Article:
Fatherhood has offered him a new sense of purpose, too, although the path wasn’t easy. “It caused me a lot of anxiety. And when he was born, I realized that it was just the fear — the fear was bigger than the reality,” he says. “The responsibility of raising a person, and imparting your values onto them… you kind of start thinking and being a little bit less selfish.”
Balvin’s new album packs all the energy he stockpiled during his time out of the spotlight. There are sounds he’s explored before (old-school reggaeton, Afrobeats) but also new forays into electronic music, like pilita, a Dominican take on EDM. Though Balvin is sometimes considered more of a crowd-pleaser than an innovator compared with his peers, he prides himself on pushing pop in less overt ways. “The album is very advanced, but it’s easy to digest,” he adds. “The flows, the deliveries — all of this is super updated.”
“My dream is to be a legend, you know?”
The forthcoming track “Click, Click, Flash” swells over a gritty dembow riddim, looping hook, and paparazzi camera sound effects, while “Dientes” reimagines “Yeah!”, the Usher, Ludacris, and Lil Jon classic. Its unabashed EDM drops feel designed specifically for festival season, or maybe an all-inclusive resort on a remote Caribbean island. “DJs are going to say, ‘Thank God, J Balvin, you made it easy for me,’” he jokes. “Like, ‘Great, I’m going to play those two so I can have a beer or something.’”
The idea for “Dientes” emerged after Balvin sat next to Usher at a Paris Fashion Week show. “I asked him, ‘Hey, do you think I could sample ‘Yeah’? And he said, ‘Yeah,’” Balvin chuckles. Usher even contributed a new verse to the track, which features production from Mura Masa, Fred Ball, DJ Luian, Mambo Kingz, Tainy, and Michael Brun. Balvin has also recorded a collaborative album with Ed Sheeran, which he hopes will be released in 2024. “It came about in an organic, natural way. We met; we had coffee; we’d run into each other at the same gym, at the hotel,” he says. “That’s going to be another album that will offer a lot to talk about, because it’s like merging two worlds.”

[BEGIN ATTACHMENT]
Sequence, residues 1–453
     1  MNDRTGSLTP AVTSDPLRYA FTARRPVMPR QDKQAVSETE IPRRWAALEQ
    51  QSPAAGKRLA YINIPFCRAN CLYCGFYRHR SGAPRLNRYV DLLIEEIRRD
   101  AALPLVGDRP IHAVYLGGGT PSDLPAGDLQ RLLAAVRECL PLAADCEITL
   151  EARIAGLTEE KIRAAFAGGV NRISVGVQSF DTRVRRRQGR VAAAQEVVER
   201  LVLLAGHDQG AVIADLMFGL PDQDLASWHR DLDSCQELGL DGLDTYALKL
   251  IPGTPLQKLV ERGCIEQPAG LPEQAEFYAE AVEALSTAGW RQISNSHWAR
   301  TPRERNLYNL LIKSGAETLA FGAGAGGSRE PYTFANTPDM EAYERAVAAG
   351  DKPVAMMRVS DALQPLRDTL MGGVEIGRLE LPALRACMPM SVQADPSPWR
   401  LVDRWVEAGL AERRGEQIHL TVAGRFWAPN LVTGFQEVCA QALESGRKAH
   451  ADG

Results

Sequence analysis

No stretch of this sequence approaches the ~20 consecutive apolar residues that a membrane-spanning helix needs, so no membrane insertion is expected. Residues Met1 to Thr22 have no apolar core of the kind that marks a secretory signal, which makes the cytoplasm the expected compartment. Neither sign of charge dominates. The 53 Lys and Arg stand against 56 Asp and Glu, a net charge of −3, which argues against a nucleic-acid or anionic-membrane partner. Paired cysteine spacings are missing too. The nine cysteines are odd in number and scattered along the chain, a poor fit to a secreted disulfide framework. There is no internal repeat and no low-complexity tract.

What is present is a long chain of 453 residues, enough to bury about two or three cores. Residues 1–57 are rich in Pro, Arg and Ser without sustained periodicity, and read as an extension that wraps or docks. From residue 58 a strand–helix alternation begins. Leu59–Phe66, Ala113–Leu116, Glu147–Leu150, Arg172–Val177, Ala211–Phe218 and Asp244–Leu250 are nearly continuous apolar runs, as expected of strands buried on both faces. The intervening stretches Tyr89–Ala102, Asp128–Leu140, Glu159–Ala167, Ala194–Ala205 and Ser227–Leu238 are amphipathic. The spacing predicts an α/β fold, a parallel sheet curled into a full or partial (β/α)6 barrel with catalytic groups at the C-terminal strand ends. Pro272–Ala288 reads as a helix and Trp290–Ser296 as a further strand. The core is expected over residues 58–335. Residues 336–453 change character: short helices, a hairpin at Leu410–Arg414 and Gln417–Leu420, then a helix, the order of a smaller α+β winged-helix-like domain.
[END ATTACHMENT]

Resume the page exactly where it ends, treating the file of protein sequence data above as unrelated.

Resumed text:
This is how Balvin thinks about his life and career: worlds he’s conquered, worlds he hasn’t, and worlds he keeps to himself. As much as he aspires to ubiquity, his journey to fame has also taught him a lot about boundaries. “Balvin is a character created to make music,” he says. “We’re very passionate about our career, and we end up mixing it as if it were one.” But that hasn’t always served him. “We all put our energy into our work, as much as if it were our personal life. Actually, sometimes more than our own lives, we take care of our work. And that’s where the struggle of finding balance is.”
As the conversation comes to a close, the Colombian star visibly softens. He mentions his excitement around the Miami Heat’s NBA Finals run and even teases me about my Dominican accent. It’s almost as if he decided to give me a glimpse of José mode. J Balvin isn’t hiding. But José? “José is untouchable,” he says. “I know what I’m worth as a person, and J Balvin can’t define me.”
Top image credits: KidSuper suit, talent’s own earring
Photographs by AB+DM
Styling by EJ Briones
Set Design by Montana Pugh for MHS Artists
Grooming: Melissa DeZarate
Talent Bookings: Special Projects
Video: Devin O’Neill, Ryan Mitchel
Associate Creative Director, Video: Samuel Schultz
Photo Director: Alex Pollack
Editor in Chief: Alyssa Vingan
SVP Fashion: Tiffany Reid
SVP Creative: Karen Hibbert